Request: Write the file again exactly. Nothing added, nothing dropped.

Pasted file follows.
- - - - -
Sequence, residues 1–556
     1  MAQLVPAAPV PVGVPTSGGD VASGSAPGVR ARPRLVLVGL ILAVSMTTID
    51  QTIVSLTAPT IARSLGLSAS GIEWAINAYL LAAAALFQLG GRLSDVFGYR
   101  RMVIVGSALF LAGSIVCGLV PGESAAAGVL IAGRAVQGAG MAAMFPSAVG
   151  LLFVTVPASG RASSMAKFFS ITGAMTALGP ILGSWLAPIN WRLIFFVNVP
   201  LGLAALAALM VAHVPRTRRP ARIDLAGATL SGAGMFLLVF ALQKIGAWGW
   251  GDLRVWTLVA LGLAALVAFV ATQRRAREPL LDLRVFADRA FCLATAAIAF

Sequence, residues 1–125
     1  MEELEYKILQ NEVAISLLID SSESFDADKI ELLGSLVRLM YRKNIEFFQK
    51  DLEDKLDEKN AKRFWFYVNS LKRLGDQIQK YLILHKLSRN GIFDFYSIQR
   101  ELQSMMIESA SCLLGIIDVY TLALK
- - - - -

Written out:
Sequence, residues 1–556
     1  MAQLVPAAPV PVGVPTSGGD VASGSAPGVR ARPRLVLVGL ILAVSMTTID
    51  QTIVSLTAPT IARSLGLSAS GIEWAINAYL LAAAALFQLG GRLSDVFGYR
   101  RMVIVGSALF LAGSIVCGLV PGESAAAGVL IAGRAVQGAG MAAMFPSAVG
   151  LLFVTVPASG RASSMAKFFS ITGAMTALGP ILGSWLAPIN WRLIFFVNVP
   201  LGLAALAALM VAHVPRTRRP ARIDLAGATL SGAGMFLLVF ALQKIGAWGW
   251  GDLRVWTLVA LGLAALVAFV ATQRRAREPL LDLRVFADRA FCLATAAIAF

Sequence, residues 1–125
     1  MEELEYKILQ NEVAISLLID SSESFDADKI ELLGSLVRLM YRKNIEFFQK
    51  DLEDKLDEKN AKRFWFYVNS LKRLGDQIQK YLILHKLSRN GIFDFYSIQR
   101  ELQSMMIESA SCLLGIIDVY TLALK